Important genetic study confirms Massachusetts coyotes are part eastern wolf-

Dr. Jon Way who often comments on this forum is the lead author of a paper about to appear entitled, “Genetic Characterization Of Eastern “Coyotes” In Eastern
Massachusetts.” He has allowed me to post a draft of this paper.

These relatively large canids are hybrids of western coyotes colonizing the area and eastern timber wolves, canis lycaon. None of animals’ DNA showed a mixture of coyote and domestic dog. So the term “coydog,” which is in common use, is not appropriate.

Here is the draft of the paper. coywolves-jonway

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About The Author

Ralph Maughan

Dr. Ralph Maughan is professor emeritus of political science at Idaho State University. He was a Western Watersheds Project Board Member off and on for many years, and was also its President for several years. For a long time he produced Ralph Maughan's Wolf Report. He was a founder of the Greater Yellowstone Coalition. He and Jackie Johnson Maughan wrote three editions of "Hiking Idaho." He also wrote "Beyond the Tetons" and "Backpacking Wyoming's Teton and Washakie Wilderness." He created and is the administrator of The Wildlife News.

17 Responses to In New England they should be called "coywolves," not "coyotes" or coydogs"

  1. mikepost says:

    This is an interesting and explanatory paper. However it does not dicuss behavioral differences between the coyote and the coywolf. Wolves and coyotes have different behaviors and a discussion of how the coy-wolf fits in all of this would be interesting.

    Coyotes, at least in the urban West, have a much greater propensity to attack humans once habituated to human food sources than do wolves. An interesting question would be does the coy-wolf have the same trait with the added biological advantage of size and ferocity of the wolf given the recent human death in Canada.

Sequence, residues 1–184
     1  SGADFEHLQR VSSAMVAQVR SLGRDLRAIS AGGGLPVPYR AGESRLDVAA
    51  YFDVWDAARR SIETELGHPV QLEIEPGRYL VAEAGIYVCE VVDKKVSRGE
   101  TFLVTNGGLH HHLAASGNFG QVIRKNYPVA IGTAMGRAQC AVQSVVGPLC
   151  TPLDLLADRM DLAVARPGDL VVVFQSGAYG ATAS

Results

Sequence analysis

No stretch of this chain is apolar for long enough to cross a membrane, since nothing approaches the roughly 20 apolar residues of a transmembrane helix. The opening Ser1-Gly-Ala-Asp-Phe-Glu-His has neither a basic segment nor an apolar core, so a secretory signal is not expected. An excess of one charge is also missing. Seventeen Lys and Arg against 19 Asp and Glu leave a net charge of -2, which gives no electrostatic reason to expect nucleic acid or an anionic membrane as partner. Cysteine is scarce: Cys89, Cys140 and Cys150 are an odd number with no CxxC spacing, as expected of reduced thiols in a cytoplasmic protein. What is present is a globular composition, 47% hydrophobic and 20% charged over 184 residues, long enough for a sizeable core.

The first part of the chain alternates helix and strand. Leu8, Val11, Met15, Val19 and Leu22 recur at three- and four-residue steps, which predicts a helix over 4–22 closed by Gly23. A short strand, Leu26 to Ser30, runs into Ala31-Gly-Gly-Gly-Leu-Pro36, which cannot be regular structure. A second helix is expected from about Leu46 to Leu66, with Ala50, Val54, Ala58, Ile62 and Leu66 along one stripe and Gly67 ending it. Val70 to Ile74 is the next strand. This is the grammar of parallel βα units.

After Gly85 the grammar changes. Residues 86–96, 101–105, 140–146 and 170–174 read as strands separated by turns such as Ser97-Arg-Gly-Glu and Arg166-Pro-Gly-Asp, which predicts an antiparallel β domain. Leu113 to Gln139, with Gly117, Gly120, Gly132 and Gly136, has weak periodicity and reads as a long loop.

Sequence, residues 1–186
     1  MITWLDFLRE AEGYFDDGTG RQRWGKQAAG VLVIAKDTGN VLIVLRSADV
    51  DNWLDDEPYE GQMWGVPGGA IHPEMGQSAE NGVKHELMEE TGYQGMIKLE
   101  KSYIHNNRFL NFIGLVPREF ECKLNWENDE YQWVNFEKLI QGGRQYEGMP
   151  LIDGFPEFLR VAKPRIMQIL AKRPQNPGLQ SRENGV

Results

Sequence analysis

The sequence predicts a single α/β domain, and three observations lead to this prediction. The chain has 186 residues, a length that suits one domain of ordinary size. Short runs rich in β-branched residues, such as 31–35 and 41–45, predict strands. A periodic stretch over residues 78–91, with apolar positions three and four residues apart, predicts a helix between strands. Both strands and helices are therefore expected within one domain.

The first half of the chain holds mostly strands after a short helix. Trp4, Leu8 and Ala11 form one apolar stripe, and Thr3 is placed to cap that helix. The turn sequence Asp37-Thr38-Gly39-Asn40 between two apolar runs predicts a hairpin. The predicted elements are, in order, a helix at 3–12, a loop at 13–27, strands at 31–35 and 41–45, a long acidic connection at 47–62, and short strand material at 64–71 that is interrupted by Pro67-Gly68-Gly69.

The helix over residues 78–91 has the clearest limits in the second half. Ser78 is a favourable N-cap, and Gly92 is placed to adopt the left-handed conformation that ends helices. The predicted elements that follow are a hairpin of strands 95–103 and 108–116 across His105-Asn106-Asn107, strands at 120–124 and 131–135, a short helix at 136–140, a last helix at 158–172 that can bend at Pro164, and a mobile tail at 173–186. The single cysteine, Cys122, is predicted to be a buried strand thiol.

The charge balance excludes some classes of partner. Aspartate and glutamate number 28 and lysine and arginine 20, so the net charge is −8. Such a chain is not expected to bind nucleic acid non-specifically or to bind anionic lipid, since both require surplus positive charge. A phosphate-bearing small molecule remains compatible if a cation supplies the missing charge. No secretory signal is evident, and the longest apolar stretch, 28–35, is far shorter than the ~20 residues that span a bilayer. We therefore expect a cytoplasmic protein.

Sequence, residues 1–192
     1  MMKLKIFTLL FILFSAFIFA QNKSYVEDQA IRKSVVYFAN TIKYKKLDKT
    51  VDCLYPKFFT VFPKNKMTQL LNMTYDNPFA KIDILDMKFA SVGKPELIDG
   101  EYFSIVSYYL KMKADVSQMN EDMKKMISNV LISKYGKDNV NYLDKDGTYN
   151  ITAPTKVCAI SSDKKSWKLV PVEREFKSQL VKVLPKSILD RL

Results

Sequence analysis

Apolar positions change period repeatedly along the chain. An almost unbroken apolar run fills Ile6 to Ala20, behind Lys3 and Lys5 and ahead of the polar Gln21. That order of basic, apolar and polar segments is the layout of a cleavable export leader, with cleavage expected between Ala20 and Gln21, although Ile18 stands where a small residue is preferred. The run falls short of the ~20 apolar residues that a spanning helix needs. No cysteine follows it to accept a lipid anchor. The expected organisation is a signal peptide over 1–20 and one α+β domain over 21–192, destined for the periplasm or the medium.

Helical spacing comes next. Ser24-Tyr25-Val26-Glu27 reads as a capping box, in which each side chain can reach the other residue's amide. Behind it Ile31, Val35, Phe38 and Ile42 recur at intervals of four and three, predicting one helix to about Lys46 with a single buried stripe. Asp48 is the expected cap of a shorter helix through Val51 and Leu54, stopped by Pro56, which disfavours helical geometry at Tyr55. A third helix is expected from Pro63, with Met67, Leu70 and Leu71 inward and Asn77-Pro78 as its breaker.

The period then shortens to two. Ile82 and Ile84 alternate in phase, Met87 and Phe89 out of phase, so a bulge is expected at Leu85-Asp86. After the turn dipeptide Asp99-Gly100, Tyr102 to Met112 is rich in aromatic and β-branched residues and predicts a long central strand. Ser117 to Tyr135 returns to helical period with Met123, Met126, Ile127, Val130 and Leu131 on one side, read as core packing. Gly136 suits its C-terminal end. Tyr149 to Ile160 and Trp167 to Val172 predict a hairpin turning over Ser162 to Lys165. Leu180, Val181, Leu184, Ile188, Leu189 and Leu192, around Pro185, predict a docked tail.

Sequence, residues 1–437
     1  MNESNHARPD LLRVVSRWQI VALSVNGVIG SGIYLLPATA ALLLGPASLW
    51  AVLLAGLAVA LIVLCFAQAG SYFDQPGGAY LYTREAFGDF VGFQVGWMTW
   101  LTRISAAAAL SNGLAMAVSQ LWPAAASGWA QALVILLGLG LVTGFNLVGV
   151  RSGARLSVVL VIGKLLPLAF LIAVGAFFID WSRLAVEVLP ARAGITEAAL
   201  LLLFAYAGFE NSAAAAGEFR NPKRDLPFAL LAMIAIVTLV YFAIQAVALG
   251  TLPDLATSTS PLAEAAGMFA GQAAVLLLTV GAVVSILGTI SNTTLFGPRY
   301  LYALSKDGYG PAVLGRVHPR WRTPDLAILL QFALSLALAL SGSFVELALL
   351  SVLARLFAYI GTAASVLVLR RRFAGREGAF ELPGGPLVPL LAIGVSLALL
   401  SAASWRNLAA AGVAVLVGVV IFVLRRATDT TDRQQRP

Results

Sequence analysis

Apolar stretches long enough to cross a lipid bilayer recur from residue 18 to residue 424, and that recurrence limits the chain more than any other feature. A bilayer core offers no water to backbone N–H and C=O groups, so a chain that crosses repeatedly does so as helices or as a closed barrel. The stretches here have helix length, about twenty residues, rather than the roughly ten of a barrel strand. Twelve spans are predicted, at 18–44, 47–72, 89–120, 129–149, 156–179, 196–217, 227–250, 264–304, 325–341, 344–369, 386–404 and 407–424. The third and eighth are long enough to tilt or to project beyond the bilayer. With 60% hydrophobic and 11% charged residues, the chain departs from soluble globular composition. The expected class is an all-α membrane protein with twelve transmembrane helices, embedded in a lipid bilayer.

2. Jon Way says:

    Hi MikePost,
    If you go to a discuss and the Synthesis of Knowledge Known about them we do summarize what is known about them. Essentially they have behaviors intermediate between western coyotes and eastern wolves.
    However, they do NOT have an ecological role that might resemble gray wolves out west. The red/eastern wolf is a smaller wolf to begin with and it is arguable how similar the role between eastern wolves and gray wolves are. To confuse matters, the wolves that Dave Mech and others study up in MN are likely gray wolf/eastern wolf hybrids, so not pure gray wolves (like found out west).
    Other papers, including on my website:, discuss more about their behavior.
    Interesting question about attacks. The coywolf is very elusive and avoids people. However, there are so many coyotes throughout the US I wonder if the aggression is a product of their share numbers and that some are going to be bold. In other words, might some wolves be like that if they were all over the US too. It is still rare for an attack but obviously they happen…